No. We encourage NSP members to form coalitions around support for the ESRA and the Global Marshall Plan as long as we stick with those specific proposals. We encourage a wide variety of groups to endorse the ESRA and Global Marshall Plan and to become actively involved in any way that they see fit to build public support for those campaigns. Ask any organization that wishes to affiliate with our campaign and have their name listed as a co-sponsor or endorser of the campaign to write an email to that effect and send it to RabbiLerner@Tikkun.org or send a letter to that effect to NSP, 2342 Shattuck Ave, #1200, Berkeley, Ca. 94704.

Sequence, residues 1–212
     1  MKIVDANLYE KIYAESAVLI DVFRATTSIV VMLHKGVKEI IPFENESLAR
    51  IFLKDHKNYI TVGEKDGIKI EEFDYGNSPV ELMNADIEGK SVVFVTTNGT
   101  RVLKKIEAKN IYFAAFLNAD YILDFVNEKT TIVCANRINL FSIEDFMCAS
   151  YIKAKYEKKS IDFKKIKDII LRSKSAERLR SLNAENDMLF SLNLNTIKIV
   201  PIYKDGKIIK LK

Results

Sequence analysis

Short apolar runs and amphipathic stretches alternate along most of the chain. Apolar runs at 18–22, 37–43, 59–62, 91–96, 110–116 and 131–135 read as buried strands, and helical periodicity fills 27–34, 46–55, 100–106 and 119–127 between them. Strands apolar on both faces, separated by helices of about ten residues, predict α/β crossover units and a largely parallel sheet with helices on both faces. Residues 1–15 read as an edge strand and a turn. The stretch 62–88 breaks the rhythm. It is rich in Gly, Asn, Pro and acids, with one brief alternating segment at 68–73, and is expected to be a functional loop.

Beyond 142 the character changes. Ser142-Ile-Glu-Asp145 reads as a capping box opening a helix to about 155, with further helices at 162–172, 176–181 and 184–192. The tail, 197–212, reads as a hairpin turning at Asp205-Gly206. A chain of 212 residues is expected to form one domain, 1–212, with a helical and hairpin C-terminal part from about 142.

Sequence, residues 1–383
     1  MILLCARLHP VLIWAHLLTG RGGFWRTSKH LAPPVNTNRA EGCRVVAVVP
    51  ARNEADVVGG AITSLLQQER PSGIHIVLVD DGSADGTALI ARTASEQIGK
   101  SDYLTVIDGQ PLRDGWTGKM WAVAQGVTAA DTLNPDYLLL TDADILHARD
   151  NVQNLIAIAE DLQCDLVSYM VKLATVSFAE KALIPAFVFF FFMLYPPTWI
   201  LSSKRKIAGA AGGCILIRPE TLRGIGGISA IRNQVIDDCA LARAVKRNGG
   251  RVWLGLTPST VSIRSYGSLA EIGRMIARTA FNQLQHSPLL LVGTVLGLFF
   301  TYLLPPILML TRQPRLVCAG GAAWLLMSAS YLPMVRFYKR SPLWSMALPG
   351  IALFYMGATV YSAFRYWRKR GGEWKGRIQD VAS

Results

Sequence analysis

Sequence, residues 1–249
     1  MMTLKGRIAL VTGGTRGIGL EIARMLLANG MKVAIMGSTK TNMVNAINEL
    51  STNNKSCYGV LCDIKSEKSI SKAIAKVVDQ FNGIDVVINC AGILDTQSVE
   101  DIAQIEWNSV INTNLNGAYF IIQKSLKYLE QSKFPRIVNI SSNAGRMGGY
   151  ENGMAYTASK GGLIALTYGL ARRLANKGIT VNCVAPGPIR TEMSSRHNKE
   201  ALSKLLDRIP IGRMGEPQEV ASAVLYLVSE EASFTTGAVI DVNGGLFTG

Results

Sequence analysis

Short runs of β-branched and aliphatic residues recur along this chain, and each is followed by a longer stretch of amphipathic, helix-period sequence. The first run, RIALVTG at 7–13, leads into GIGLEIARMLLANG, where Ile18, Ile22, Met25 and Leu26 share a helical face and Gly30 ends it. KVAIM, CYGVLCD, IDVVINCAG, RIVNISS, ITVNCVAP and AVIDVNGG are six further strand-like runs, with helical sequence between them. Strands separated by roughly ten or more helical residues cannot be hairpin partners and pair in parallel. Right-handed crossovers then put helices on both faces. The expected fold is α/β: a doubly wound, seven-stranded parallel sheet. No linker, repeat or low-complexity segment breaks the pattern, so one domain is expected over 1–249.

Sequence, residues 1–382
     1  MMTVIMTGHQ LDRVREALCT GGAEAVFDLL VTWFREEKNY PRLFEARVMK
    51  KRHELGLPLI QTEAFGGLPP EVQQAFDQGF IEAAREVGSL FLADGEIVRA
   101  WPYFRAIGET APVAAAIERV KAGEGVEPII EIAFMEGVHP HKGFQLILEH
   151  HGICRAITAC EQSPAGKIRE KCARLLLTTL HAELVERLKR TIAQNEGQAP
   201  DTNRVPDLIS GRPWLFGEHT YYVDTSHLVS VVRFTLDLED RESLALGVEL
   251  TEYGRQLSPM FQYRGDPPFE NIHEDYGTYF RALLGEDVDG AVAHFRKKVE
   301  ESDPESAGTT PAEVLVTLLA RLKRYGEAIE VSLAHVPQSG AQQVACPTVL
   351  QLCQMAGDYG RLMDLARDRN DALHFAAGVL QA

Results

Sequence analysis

So what concretely can YOU do?

Well, it would help us immensely if you did join the NSP, which is the organization that developed the ESRA and the Global Marshall Plan (you can join the NSP and read about the Global Marshall Plan at spiritualprogressives.org).

Here are some additional steps you can take:

1. Talk to neighbors, friends, family, church groups, labor unions, professional organizations, and civic organizations and get them to officially endorse the ESRA or sign the statement online and/or donate to the NSP so that we can hire people to work on this campaign.

2. Create a local group of people backing the ESRA and meet with locally elected city council members to get your city council to endorse the ESRA. Then do the same with your state legislators and your congressional representative and U.S. senators. Each year, go back with more and more people whom you've convinced to support this effort.